It is curious how the smallest change can unsettle you and shift your perception. A few days ago `Lyra and I set off for a walk along the riverside in the teeth of a howling hoolie. It’s a fairly exposed route most of the way and invariably we go around again the wind, meeting all manner of smug and toasty walkers coming the other way. Aha, thought I, we will take the usual walk in reverse, starting with the ice house and the Lees fishing beat, and have the wind at our back. It was not to be. In an unprecedented reversal of the natural order, the wind came from the other direction, as did the smugly wind assisted dog walkers. Is there some local update I am missing??? However, the change was nonetheless interesting. Lyra is allowed off the lead by the river and usually dashes on ahead and swarms down the bank at various points for a paddle. The switcheroo that day seemed to unsettle her and she largely stuck close to heel, which she normally does only in unfamiliar territory. I, on the other hand, found the view strangely less satisfying and caught myself myself turning 180 degrees to admire the usual landmarks from the same old angle. Creatures of habit both it seems. Normal service will be resumed for all future perambulations.
Hirsel Calf patrol continues. We are up to seven now. No blondies yet so far as I can see. Our own ladies are in fine fettle, though I was slightly unnerved yesterday when Catriona and Snouty came over to lick my hand when I took a short cut across the field. They had clearly concluded I must be harbouring a banana or some beet pellets somewhere and decided to have a good look in my pockets. The horns rather got in the way……We made up later, over the fence, when I produced an acceptable bouquet of ruby chard.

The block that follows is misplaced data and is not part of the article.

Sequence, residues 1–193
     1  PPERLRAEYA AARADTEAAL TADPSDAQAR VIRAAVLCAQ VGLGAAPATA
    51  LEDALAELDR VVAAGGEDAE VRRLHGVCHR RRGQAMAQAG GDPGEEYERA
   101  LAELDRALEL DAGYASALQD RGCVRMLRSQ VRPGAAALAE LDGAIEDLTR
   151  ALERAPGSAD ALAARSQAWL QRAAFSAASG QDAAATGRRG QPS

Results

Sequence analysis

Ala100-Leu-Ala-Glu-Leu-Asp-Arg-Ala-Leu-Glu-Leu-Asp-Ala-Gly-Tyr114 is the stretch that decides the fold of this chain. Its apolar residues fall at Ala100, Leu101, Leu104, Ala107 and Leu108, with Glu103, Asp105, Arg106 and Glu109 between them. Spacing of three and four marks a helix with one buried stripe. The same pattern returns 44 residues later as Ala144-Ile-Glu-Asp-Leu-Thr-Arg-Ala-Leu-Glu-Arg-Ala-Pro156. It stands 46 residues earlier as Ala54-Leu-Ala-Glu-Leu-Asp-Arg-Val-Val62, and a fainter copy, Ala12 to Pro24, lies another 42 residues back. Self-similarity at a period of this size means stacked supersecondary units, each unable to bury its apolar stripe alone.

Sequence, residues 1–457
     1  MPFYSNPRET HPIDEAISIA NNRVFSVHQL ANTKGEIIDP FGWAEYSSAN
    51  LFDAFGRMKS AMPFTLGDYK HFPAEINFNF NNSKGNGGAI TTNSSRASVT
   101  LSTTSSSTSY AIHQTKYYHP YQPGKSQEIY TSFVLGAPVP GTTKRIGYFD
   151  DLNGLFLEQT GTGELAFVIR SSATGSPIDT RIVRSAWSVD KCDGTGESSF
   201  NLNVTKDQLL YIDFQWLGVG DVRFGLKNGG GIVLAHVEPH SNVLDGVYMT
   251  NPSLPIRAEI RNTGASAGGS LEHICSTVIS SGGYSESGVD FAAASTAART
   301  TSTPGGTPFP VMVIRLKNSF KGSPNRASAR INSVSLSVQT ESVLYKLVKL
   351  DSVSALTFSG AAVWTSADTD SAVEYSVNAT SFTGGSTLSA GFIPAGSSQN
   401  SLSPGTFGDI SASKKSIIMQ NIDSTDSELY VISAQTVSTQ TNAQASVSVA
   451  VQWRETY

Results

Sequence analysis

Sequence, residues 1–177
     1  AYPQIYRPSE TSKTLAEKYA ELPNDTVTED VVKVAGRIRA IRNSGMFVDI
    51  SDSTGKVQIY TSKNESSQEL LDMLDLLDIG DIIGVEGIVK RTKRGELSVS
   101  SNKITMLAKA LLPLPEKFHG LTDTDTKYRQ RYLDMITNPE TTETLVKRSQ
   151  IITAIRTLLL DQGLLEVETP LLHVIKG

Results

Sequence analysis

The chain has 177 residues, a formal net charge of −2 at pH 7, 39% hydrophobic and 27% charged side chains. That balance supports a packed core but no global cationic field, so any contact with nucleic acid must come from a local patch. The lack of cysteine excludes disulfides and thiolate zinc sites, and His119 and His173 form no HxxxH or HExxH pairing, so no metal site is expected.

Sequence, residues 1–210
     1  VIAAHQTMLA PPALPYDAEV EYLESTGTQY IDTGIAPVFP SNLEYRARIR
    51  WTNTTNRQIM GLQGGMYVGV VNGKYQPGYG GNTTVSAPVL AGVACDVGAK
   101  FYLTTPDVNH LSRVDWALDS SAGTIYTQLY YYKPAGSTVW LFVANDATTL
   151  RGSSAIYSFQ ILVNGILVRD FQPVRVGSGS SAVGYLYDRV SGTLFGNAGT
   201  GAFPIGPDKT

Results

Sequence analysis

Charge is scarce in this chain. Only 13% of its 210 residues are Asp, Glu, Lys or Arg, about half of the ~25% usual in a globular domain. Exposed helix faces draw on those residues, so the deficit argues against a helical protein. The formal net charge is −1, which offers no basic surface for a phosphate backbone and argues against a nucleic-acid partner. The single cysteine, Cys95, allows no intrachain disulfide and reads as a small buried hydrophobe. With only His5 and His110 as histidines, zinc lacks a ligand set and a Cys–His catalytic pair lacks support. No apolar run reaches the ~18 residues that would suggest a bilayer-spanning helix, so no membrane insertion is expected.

Spring in the garden is now well underway, with the, surprisingly hardy, anemone de Caen adding pools of vibrant blue to the borders. The frog chorus has reformed and we have the first wobble of spawn in the stream. On the clay bank a mass of buttery yellow daffodils (Mill Hill) has materialised, taking me completely by surprise. We had some garden visitors yesterday, coming to collect divisions of various plants and when we did the traditional tour, there they were, fully out, loud and proud. I’m sure the day before yesterday there was just four inches of leaves. In the Hirsel woods unfurling has been a more gradual and seemly affair. To my surprise, the naturalised daffodils have double flowers. I’m not normally a fan of yellow doubles, too blousy. However, these ones are slimmer than the modern monstrosities. They have retained a demure air and a touch of acidity in the colour, very much Jane Austin rather than Jane Mansfield. Given the scale of the naturalising, I think they must be quite an old variety. Googling suggests a double campernelle, a variety with a 400 year + vintage, which would tally if they were originally planted at the time the obelisk in the woods was built. Campernelles are supposed to be fragrant, so I shall have to give them a sniff next time I’m out to check.